Gonski reforms 'biggest win' for North Coast schools
THE historic deal struck today between the NSW and Federal Governments over the Gonski reforms is the "biggest win" for North Coast schools in decades, says Lennox-based Liberal MLC Catherine Cusack.
From 2014, school students on the New South Wales North Coast will each receive an education worth more than $9,000 a year.
Prime Minister Julia Gillard had failed to get the majority of state governments on board to contribute to the costs of the reforms during COAG meetings last week.
But she joined with Premier Barry O'Farrell in Sydney today to ink the final $5 billion Gonski deal for the nation's most populous state.
The deal will see the Commonwealth pump $3.3 billion into the state on the condition the state delivers $1.7 billion for the reforms.
The majority of schools in Northern NSW fall into the "provincial" and "regional" target categories which are set to benefit the most under the new funding criteria.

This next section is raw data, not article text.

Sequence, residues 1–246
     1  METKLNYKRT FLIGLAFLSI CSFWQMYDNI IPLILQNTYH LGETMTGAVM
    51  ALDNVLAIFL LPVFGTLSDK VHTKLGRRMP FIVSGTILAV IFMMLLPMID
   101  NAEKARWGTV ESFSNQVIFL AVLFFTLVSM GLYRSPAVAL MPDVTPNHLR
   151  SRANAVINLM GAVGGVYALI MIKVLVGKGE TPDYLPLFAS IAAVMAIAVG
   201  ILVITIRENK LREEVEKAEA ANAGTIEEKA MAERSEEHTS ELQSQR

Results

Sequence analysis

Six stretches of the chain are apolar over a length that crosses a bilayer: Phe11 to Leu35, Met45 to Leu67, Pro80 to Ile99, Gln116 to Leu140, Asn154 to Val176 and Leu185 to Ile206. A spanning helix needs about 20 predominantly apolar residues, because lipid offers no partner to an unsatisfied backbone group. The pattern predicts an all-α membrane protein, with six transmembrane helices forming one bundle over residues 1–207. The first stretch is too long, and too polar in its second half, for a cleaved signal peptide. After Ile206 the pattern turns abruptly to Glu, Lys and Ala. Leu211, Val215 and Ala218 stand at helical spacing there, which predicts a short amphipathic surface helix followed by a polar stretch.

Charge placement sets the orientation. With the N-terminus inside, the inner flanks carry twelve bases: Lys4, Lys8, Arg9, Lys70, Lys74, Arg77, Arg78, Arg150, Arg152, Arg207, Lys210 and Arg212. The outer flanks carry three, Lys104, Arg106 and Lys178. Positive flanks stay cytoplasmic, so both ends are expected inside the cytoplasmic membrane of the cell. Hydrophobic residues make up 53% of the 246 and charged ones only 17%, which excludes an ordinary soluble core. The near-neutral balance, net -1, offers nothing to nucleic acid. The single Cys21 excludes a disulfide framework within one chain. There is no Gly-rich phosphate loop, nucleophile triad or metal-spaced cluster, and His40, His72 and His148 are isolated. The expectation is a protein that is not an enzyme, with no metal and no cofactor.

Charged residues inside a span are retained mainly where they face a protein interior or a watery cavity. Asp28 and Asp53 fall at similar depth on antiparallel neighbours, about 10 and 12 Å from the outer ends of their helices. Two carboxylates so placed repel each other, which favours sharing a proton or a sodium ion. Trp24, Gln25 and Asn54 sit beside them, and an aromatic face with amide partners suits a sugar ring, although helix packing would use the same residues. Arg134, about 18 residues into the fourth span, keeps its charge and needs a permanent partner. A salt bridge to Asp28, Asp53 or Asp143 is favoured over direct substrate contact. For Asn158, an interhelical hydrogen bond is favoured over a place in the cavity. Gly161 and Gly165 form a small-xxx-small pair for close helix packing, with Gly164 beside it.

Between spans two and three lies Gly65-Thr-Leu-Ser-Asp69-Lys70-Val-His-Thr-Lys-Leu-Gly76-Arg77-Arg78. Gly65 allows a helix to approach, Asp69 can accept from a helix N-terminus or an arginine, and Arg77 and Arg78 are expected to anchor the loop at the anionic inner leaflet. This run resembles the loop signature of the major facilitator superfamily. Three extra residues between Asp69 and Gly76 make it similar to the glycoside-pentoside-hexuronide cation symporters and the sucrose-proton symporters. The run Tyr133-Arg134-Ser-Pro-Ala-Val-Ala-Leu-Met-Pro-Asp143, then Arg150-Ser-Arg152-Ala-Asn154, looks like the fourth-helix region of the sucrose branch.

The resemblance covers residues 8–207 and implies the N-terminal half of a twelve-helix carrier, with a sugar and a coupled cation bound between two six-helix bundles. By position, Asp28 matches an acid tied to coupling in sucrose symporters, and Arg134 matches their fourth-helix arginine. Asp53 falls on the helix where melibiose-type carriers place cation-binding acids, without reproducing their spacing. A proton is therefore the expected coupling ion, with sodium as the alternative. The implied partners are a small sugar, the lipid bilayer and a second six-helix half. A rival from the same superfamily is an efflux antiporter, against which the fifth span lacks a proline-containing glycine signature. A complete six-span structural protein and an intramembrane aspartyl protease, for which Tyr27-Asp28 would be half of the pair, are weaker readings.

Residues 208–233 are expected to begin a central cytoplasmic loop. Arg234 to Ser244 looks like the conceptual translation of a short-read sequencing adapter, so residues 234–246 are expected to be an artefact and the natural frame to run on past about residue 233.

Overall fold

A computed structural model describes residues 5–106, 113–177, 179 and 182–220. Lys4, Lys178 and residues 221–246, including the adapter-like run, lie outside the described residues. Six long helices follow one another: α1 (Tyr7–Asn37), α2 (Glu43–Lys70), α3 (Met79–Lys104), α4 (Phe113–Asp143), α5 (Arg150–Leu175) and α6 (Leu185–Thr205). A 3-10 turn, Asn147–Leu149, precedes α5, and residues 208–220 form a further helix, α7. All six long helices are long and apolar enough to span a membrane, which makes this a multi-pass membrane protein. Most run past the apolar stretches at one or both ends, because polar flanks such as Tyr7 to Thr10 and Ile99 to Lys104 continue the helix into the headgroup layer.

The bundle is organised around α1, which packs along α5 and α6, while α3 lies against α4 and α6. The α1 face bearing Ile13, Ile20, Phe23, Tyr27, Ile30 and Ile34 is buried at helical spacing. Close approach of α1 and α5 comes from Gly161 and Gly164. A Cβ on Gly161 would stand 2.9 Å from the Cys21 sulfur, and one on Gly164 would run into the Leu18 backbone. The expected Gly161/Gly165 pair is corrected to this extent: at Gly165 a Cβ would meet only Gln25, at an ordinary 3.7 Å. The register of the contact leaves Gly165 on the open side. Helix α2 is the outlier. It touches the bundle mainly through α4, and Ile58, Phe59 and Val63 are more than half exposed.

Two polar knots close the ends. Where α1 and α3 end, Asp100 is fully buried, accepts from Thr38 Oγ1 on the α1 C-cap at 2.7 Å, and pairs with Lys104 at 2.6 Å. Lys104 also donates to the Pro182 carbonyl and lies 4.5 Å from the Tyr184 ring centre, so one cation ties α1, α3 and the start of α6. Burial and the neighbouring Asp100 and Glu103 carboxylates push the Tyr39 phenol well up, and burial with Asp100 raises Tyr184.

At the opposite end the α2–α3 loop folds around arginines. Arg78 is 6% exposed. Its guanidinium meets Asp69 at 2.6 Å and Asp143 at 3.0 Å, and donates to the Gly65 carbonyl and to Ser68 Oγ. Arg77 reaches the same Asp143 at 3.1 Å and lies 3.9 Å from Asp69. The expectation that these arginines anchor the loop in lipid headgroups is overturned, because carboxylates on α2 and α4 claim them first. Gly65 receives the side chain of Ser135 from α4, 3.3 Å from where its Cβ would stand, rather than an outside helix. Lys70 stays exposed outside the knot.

Ms Cusack, who has long advocated for the NSW Government to sign up to Gonski, believes the new funding will close the achievement gap for the region's students who have previously been hampered by social and locational disadvantage.
Extra funding will also be made available to address unique local challenges which have long been overlooked - assistance for the sharp increase in disabled students and learning support for the population of indigenous students, which is significantly larger on the North Coast than other parts of NSW.
"It is a game changer...a once-in-a-generation reform and it will make a huge difference to our neediest children and their families," Ms Cusack said.
"I am overjoyed the O'Farrell Government has conquered the herculean task of finding the money to do the deal.
"The difficulty cannot be underestimated, and it's only been accomplished by putting children first."
While Ms Gillard described the partnership as an historic day for Australia's education system, Mr O'Farrell also referred to a "sting in the tail", with a likely withdrawal of education funding if NSW did not sign up.
However, he said he believed the deal was in the best interests of the state, and remained confident the money would be in the Commonwealth's May budget.